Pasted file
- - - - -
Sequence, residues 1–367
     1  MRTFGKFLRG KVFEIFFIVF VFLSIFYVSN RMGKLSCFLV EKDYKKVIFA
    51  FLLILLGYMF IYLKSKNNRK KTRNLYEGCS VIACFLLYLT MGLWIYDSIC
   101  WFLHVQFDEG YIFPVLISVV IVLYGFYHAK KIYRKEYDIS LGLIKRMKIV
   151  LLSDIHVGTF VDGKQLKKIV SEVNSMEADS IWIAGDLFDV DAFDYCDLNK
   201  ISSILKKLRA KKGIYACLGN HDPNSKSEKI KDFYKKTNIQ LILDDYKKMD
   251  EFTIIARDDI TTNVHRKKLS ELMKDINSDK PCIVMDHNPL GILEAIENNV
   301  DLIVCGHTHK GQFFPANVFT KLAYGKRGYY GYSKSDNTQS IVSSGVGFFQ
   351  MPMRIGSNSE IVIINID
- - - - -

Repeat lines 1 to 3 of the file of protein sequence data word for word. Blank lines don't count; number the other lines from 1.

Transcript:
Sequence, residues 1–367
     1  MRTFGKFLRG KVFEIFFIVF VFLSIFYVSN RMGKLSCFLV EKDYKKVIFA
    51  FLLILLGYMF IYLKSKNNRK KTRNLYEGCS VIACFLLYLT MGLWIYDSIC